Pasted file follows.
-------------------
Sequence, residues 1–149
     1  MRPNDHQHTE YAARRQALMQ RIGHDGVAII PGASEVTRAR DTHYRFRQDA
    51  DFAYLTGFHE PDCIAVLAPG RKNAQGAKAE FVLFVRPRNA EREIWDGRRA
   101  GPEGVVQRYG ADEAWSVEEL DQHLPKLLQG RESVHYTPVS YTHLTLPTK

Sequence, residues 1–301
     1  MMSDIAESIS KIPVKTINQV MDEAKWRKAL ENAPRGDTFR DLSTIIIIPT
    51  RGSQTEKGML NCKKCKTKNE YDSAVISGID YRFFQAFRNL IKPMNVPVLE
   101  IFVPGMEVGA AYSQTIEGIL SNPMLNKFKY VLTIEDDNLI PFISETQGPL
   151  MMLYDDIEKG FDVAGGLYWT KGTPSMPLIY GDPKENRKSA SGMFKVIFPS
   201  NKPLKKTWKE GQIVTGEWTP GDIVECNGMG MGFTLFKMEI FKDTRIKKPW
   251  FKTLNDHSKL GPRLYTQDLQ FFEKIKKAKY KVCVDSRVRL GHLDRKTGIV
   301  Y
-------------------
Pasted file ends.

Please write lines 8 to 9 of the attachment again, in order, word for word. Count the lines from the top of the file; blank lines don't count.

   101  IFVPGMEVGA AYSQTIEGIL SNPMLNKFKY VLTIEDDNLI PFISETQGPL
   151  MMLYDDIEKG FDVAGGLYWT KGTPSMPLIY GDPKENRKSA SGMFKVIFPS